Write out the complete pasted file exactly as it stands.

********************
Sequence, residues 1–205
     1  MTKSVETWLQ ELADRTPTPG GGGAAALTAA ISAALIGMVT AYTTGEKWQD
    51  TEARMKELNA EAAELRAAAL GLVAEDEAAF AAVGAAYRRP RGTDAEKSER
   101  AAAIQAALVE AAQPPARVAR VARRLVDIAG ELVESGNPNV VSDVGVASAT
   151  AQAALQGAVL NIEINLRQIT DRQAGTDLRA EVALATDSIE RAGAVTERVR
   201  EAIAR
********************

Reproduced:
Sequence, residues 1–205
     1  MTKSVETWLQ ELADRTPTPG GGGAAALTAA ISAALIGMVT AYTTGEKWQD
    51  TEARMKELNA EAAELRAAAL GLVAEDEAAF AAVGAAYRRP RGTDAEKSER
   101  AAAIQAALVE AAQPPARVAR VARRLVDIAG ELVESGNPNV VSDVGVASAT
   151  AQAALQGAVL NIEINLRQIT DRQAGTDLRA EVALATDSIE RAGAVTERVR
   201  EAIAR